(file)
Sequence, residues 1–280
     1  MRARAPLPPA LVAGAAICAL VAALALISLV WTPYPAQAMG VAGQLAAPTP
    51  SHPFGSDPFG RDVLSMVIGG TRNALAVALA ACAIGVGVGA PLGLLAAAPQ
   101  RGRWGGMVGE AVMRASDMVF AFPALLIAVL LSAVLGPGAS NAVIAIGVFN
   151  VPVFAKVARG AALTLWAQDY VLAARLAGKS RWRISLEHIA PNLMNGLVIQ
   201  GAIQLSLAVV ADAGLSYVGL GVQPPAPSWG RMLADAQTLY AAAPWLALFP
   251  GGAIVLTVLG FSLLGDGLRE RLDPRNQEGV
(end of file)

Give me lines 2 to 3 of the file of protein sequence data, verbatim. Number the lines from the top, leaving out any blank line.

     1  MRARAPLPPA LVAGAAICAL VAALALISLV WTPYPAQAMG VAGQLAAPTP
    51  SHPFGSDPFG RDVLSMVIGG TRNALAVALA ACAIGVGVGA PLGLLAAAPQ